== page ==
Trending: Call for Papers Volume 4 | Issue 4: International Journal of Advanced Legal Research [ISSN: 2582-7340]




The term gender and sex are sometimes used synonymously but both term have different meaning. Gender is developed in the process of socialization. Gender means multi-faceted socially, psychologically and culturally constructed characteristics, roles, behaviors, expressions and identities related with being a male and female, as well as associations with one another. It has an effect in the way people see and perceive themselves. Gender identification is a continuum process that can change over time; it is neither static nor binary (girl/woman, boy/man). Gender is so profoundly deep-rooted in our traditions, our activities, our opinions, and our aspirations that it seems natural to a person. Neither we are born with gender attributes nor we possess them because we belong to a particular sex. It is something we do or related to something we perform as the same is told by the society or the community where a person lives[1]. Society has created certain norms; behavior and it expects people to behave and act in that manner. Gender is something which one expresses by the way of speaking, dressing, walking, behaving and while interacting with others. Every person has a dual binary version of themselves: an external societal and public gender identity and an interior personal sexual identity. Post- natal experiences shape one’s gender distinctiveness and awareness of how that individual is perceived in front of public. It arises from observing society’s norms and expectations in general, as well as comparing oneself to others. Gender may not at all times match with the biological sex of a person. There may not reconciliation between the sexual identity and gender i.e. There may be genitals of one sex in the body (male) and brain and the essence of the other (female). Gender is very personal in nature and comes naturally to oneself.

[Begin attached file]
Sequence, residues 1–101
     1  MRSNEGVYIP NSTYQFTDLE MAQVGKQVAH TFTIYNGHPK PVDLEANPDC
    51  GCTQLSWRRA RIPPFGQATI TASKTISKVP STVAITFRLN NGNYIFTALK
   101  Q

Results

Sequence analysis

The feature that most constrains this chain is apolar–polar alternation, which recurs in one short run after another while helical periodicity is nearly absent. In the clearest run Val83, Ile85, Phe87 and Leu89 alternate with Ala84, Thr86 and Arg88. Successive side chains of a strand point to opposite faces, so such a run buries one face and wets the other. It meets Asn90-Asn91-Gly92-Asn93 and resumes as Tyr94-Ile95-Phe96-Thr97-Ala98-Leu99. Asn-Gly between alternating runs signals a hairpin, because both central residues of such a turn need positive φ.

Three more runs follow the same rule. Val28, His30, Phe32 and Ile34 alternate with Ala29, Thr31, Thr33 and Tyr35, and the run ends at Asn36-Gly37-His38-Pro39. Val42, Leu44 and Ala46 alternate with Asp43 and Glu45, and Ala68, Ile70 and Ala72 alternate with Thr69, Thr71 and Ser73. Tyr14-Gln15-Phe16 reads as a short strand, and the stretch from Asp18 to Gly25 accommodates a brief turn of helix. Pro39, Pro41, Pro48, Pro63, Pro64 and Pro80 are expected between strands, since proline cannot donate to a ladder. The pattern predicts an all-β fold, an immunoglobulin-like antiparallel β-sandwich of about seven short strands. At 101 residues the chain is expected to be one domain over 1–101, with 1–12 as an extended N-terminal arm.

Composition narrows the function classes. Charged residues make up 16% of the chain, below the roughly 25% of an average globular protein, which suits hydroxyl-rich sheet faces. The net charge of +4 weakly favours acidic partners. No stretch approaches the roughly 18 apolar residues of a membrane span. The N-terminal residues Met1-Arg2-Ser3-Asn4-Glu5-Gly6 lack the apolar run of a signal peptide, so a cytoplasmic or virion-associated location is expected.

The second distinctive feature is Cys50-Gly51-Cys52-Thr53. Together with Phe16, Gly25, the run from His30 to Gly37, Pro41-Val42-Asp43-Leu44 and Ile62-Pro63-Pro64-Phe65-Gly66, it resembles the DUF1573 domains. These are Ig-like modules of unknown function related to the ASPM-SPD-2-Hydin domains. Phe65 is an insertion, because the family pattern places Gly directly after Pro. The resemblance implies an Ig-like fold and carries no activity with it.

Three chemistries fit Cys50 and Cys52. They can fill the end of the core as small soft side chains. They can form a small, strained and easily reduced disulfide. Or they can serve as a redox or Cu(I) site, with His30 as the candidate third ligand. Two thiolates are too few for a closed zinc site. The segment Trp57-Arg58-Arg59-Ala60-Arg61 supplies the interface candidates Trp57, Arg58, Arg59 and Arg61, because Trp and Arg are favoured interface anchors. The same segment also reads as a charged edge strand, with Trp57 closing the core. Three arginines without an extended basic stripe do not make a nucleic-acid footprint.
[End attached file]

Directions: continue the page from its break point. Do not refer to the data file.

The below lays down a few examples of fundamental gender characteristics which are embedded in a child from an early age, he or she is expected to behave in that manner and if he or she doesn’t behave in that manner that person is termed as strange or queer.

  • Men are recognized as fathers and women are recognized as
  • Blue colour stands for Boys and Pink colour stands for
  • Men are supposed to be bread earners and decision makers while women do the house work and nurture the family.
  • Men earn more whereas women earn There is a pay gap.
  • Men work as technicians, mechanics, electricians, drivers whereas women work as nurses, air hostesses, weavers, knitters, school teachers.
  • Boys play with automobiles and super heroes whereas girls play with dolls.

Gender features and qualities are different for both the sex, for example, the roles male and female undertake and the beliefs put on each individual, differ greatly amongst societal groups and transform with time. However, because gender traits are socially constructed, they can be changed in ways that improve a society’s fairness and justification.

[1] Eckert, Penelope, McConnell Ginet and Sally. Language and Gender. Cambridge and New York: Cambridge University Press